Pakistani Christians, an embattled minority
ISLAMABAD – The uproar surrounding Aasia Bibi — a Pakistani Christian woman who was acquitted of blasphemy charges and released from death row but remains at a secret location for her protection — has drawn attention to the plight of the country's Christians.
The minority, among Pakistan's poorest, has faced an increasingly intolerant atmosphere in this Muslim-majority nation where radical religious and sectarian groups have become more prominent in recent years.
Here is a look at some of the issues involved.
WHY HER RELEASE IGNITED AN UPROAR
Bibi's Oct. 31 acquittal by Pakistan's supreme court triggered large-scale protests, with religious extremists demanding the 54-year-old mother of five be publicly executed — and that the three judges who set her free also be put to death.
Her ordeal started in 2009 after two fellow women farmworkers refused to drink from the same container as a Christian, and later said Bibi had insulted the Prophet Muhammad. The claim led to her arrest and 2010 death sentence on blasphemy charges. In Pakistan, a mere accusation of blasphemy has caused riots, even lynching.
Rights groups have said Pakistan's blasphemy law is often used as an excuse to settle scores, or as a weapon against religious minorities, including Shiite Muslims who are at times targeted by Sunni Muslim militants as heretics.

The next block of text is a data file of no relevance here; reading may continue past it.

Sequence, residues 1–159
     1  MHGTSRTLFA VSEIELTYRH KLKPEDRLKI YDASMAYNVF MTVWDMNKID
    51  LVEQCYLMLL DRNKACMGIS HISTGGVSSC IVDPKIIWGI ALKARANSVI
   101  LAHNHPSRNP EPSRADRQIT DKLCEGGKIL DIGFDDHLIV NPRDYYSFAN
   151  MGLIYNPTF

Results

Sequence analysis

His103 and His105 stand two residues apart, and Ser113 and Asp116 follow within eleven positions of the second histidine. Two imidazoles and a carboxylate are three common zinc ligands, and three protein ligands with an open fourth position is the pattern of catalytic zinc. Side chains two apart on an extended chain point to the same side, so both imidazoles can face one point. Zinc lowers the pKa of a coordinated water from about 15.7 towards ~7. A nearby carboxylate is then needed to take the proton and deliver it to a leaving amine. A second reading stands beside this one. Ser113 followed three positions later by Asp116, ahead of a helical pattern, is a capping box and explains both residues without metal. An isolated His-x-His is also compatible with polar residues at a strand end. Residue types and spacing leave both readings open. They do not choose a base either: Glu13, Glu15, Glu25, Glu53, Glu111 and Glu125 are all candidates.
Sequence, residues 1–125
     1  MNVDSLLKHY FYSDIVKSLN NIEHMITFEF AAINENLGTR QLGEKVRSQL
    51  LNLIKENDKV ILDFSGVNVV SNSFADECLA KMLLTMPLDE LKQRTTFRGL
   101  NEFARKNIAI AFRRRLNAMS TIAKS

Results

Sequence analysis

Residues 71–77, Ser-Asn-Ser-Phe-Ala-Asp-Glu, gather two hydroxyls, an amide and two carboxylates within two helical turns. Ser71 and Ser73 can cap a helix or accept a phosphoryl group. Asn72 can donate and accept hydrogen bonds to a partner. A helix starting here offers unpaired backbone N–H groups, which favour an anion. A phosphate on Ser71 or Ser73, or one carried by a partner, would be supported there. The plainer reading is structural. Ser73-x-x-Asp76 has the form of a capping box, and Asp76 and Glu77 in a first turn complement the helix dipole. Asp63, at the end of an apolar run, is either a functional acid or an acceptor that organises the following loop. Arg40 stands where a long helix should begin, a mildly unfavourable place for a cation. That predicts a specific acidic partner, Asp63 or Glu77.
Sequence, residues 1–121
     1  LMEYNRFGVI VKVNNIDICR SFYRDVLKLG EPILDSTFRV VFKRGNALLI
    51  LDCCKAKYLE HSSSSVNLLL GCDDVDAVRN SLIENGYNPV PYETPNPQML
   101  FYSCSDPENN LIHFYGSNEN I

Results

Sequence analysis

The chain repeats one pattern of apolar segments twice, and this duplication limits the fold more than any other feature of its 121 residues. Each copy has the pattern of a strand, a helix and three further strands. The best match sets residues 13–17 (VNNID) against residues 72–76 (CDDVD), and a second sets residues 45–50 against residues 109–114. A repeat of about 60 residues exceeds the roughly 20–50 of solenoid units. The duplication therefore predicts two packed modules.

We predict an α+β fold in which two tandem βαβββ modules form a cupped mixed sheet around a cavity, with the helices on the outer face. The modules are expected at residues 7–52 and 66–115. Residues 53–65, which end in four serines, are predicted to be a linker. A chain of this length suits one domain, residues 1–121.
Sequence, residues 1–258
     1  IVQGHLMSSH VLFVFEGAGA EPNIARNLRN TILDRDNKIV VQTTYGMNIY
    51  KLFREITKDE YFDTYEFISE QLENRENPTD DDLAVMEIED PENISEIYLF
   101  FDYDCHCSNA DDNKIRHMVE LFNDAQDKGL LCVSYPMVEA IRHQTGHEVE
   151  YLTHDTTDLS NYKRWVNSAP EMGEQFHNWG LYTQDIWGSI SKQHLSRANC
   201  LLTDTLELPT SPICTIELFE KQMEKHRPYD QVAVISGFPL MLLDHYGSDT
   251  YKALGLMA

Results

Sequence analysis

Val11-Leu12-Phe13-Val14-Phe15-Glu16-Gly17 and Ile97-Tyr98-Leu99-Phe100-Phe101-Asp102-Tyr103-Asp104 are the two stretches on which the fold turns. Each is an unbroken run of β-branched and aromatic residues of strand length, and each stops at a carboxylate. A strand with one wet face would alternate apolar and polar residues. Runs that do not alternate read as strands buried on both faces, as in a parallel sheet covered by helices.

Bibi has been in hiding in Islamabad since her release earlier this week. Her family says she will
WHO THE PAKISTANI CHRISTIANS ARE
There are about 1.3 million Christians in Pakistan, a predominantly Sunni Muslim country of 204 million people. The Christians are the second-largest minority, after Hindus, and are almost evenly divided between Catholic and Protestant denominations.
The Christian population grew at the time of Pakistan's creation in 1947, when the Indian subcontinent was divided into two nations. At the time, many lower caste Hindus, living in what would become Pakistan, converted to Christianity. They were among the region's poorest and held jobs many others didn't want.
Although some Christians have risen to senior positions, including A.R. Cornelius who served as Pakistan's chief justice, many live in impoverished communities commonly referred to as "sweeper colonies" because residents are employed as domestic and sanitation workers.